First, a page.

His Majesty has informed the queen by courier of his safe arrival at York where the people received him with loud acclamations and every sign of devotion. He tells her he has made adequate provision for the defence of the frontiers as well as for the fortresses of Berwick and Carlisle. After Easter he proposes to advance to Newcastle to gather his whole army there and complete his plans for the conduct of the war. The wisest think that as the royal party is now completely suppressed in Scotland, he will proceed with great circumspection and will try rather to temporise, to harass the enemy's supplies, and compel him to obedience, rather than to attack him in his own country and trusting to the uncertain event of a battle, in the hope of reestablishing his authority in that kingdom and securing the defence of this one as well.
His Majesty has had the Lord Treasurer of Scotland arrested at York for having, with great cowardice, yielded Dalghiz to the Scottish forces without making any resistance. They say that the Earl of Sterlin, also a leading minister of that kingdom, has fallen under suspicion, who has hitherto professed to take the king's side, and will experience the same fate.
The ministers are labouring ceaselessly to find some way of meeting the very heavy expenses of these emergencies. There seems no other means than by summoning parliament. They suggest to his Majesty the idea of assembling it at York, only those taking part who are at present with him, and who depend absolutely upon his pleasure, claiming that by this precaution he is sure to secure himself against fresh irritation and to obtain promptly the votes for the needed contributions. All do not approve of this as the best course, and think it likely to produce disturbances in this kingdom as well.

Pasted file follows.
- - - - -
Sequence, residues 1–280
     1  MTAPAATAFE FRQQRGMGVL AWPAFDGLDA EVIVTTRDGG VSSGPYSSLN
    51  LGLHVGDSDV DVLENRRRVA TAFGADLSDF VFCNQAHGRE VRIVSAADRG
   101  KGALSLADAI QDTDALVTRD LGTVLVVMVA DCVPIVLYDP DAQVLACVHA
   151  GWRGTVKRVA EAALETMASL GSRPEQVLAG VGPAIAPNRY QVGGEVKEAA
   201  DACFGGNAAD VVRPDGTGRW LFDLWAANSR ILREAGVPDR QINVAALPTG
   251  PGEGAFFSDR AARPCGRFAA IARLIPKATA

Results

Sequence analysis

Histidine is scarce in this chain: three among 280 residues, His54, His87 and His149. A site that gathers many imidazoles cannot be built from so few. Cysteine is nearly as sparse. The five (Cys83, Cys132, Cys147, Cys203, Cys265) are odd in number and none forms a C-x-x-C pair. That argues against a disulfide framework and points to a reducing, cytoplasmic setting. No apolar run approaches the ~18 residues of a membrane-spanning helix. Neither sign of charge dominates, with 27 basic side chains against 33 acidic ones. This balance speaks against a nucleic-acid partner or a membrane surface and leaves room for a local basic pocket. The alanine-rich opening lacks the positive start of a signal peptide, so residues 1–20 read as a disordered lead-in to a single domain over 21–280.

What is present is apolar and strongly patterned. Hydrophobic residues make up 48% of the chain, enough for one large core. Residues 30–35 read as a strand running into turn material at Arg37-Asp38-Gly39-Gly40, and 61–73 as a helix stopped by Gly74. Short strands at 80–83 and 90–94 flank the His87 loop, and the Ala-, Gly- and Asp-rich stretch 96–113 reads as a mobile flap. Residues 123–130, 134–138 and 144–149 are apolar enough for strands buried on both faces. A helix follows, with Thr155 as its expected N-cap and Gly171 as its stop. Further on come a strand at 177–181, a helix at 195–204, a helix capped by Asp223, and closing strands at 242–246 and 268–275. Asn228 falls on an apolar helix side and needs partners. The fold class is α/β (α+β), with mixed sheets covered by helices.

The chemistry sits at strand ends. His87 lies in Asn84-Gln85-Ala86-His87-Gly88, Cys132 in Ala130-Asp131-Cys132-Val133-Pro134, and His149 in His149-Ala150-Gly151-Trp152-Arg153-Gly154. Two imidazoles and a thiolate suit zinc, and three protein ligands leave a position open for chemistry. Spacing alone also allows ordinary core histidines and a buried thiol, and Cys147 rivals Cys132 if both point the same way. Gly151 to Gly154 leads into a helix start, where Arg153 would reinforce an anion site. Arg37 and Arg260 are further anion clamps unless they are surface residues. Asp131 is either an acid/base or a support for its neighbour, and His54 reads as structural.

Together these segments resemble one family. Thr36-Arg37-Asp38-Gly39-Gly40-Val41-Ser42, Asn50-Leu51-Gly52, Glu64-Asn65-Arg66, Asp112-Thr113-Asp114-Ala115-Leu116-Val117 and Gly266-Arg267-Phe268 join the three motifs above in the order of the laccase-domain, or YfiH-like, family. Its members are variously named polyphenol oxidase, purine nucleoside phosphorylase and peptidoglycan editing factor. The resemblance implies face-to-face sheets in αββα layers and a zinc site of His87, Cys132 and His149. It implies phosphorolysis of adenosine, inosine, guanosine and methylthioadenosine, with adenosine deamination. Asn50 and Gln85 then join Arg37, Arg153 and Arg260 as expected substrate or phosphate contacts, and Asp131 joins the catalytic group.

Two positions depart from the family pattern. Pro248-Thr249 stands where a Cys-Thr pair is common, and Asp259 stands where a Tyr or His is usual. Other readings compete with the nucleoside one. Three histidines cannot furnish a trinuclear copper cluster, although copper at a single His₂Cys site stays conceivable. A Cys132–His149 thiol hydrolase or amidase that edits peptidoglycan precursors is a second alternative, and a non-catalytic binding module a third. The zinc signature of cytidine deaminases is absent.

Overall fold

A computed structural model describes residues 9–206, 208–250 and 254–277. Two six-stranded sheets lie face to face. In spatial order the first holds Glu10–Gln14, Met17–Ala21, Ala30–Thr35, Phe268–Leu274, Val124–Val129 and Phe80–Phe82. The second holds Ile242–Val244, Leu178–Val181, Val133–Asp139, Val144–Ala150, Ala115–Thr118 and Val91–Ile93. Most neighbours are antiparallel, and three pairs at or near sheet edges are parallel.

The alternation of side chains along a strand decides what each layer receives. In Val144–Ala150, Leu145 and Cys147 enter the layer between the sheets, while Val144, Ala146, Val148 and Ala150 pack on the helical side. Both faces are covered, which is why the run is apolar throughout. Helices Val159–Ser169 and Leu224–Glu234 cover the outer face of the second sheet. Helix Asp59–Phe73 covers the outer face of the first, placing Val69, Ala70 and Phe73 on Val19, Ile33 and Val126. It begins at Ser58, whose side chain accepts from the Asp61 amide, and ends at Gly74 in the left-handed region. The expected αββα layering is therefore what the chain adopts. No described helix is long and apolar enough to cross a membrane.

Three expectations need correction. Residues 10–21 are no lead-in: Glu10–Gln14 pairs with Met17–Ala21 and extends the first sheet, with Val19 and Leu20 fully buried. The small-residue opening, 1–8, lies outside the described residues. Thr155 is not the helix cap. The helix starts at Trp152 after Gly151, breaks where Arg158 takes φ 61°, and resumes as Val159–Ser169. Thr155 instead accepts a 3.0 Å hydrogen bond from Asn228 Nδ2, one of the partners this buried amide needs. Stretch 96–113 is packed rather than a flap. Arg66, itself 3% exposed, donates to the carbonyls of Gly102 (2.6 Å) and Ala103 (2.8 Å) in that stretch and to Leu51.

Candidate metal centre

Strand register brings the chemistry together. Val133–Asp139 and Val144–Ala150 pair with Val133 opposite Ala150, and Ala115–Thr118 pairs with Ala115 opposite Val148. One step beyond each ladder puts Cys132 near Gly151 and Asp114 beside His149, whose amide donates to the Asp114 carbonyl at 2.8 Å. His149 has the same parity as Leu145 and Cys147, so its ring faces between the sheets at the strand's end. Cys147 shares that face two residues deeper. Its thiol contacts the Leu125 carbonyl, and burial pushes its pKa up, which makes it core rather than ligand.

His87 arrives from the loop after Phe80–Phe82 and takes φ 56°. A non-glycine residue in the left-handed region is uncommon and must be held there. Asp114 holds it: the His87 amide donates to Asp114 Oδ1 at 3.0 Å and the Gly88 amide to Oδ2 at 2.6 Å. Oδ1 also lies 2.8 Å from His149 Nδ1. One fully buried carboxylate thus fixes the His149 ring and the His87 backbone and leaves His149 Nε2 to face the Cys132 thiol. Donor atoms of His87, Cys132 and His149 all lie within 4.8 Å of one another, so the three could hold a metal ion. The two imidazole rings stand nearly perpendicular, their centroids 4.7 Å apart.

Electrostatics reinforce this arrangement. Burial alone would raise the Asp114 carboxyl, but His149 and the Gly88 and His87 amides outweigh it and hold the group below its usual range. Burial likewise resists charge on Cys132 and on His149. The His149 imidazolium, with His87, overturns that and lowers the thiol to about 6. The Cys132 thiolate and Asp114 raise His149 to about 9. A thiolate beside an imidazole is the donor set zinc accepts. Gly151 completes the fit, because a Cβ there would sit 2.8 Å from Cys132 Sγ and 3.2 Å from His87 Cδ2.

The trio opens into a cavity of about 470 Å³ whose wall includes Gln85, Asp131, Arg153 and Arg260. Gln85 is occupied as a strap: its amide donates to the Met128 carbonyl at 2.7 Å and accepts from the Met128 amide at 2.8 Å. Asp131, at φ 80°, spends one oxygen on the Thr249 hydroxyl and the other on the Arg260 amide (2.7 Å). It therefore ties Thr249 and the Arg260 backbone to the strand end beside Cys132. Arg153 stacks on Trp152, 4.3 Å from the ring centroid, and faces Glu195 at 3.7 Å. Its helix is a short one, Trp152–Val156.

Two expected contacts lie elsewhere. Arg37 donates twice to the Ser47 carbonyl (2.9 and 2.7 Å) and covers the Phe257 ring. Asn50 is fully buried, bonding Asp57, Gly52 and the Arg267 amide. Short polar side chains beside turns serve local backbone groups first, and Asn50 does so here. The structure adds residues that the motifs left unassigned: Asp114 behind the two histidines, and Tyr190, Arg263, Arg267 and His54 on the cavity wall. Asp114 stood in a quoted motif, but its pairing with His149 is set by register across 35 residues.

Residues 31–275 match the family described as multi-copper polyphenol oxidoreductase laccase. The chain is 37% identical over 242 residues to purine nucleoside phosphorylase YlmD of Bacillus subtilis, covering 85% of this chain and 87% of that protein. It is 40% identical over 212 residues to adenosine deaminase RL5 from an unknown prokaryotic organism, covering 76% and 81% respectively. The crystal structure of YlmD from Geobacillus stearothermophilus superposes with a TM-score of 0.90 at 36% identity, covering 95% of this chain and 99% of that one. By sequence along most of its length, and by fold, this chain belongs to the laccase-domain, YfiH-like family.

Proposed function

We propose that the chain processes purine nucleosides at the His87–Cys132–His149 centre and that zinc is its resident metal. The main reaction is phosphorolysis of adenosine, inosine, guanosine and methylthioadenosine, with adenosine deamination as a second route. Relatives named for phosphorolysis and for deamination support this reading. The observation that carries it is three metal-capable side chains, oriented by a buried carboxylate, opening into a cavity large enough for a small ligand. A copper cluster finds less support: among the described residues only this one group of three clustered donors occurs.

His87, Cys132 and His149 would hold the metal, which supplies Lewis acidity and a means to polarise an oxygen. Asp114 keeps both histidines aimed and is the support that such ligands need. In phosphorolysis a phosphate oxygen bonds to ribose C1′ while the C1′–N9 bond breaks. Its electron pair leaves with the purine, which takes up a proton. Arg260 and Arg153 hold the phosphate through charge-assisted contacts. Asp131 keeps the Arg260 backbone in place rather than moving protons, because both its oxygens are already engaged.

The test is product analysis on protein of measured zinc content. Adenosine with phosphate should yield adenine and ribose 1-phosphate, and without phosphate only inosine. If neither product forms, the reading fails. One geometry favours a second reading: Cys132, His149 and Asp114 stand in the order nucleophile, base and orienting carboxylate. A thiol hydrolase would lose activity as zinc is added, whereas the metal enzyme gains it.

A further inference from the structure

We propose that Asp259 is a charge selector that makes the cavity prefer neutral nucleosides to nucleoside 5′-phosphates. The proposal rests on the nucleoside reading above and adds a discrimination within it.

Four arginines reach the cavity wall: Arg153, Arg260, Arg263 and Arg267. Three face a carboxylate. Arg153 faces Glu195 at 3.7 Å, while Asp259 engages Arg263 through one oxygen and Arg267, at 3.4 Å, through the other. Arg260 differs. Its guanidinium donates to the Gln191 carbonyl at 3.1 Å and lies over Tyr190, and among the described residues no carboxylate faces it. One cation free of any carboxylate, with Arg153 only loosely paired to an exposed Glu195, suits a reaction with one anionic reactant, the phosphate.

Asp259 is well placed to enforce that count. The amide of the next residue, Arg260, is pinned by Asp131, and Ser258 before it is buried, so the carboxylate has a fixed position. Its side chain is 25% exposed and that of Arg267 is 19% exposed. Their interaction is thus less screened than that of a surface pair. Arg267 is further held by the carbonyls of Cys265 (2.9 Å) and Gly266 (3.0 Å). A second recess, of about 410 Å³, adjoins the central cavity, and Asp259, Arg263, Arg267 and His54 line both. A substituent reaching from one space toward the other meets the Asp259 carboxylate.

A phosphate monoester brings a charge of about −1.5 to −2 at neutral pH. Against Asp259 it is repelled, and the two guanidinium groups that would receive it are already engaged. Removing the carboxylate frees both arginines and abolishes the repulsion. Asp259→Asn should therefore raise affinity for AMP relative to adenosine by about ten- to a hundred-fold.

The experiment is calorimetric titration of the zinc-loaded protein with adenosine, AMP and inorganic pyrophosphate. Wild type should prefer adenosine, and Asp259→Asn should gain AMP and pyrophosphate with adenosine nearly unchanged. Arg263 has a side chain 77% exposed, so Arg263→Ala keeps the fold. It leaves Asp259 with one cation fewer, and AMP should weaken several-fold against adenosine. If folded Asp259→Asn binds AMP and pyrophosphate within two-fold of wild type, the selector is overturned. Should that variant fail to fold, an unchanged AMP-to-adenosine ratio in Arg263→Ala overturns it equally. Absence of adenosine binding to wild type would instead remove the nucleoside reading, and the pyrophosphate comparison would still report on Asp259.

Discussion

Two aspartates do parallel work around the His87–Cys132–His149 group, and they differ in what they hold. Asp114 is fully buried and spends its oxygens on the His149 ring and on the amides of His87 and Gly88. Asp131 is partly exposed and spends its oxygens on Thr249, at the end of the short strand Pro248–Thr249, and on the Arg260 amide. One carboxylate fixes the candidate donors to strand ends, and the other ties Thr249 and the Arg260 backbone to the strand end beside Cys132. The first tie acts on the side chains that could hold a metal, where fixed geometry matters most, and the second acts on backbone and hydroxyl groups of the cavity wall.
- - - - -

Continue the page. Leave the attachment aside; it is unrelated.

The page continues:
The ministry constantly becomes more suspicious that the revolted people are receiving help from the French. They speak very bitterly against that crown. The king has tactfully intimated to the French ambassador here, who proposed to keep near him, to stay where he is, and if he wants to see his Majesty and asks for audience, it will promptly be appointed for him, on the tacit understanding that he comes back here. (fn. 1)
The old quarrel between the king and the Catholic minister here seems to be put aside. The Duchess of Chevreuse labours hard to restore him to his former confidential relations, and those who favour the Spanish side most not only hope to secure this, with the present feeling against France, but to introduce overtures as well to re-establish a complete understanding between this crown and that one.
By virtue of the offices reported the Admiral has forbidden the merchants here to send their ships to Spain for transporting troops to Flanders, as the Spaniards had arranged.
Mr. German has gone to Court to report the Most Christian's reply about the queen mother. Although they see that very costly stay here will be greatly prolonged, yet the king has written very affectionately to his mother in law, assuring her that he will share his last crown with her, as a sign of his affection and respect.
The negotiations with the Duke of Weimar for the marriage of the Palatine princess remain on foot. The English agent with the Swiss, but recently returned from that country, has gone to the king with letters just received from the duke. The Swiss, through this agent represent their misgivings at seeing the French so near, without the means or the courage, so far, to prevent them from obtaining greater advantages.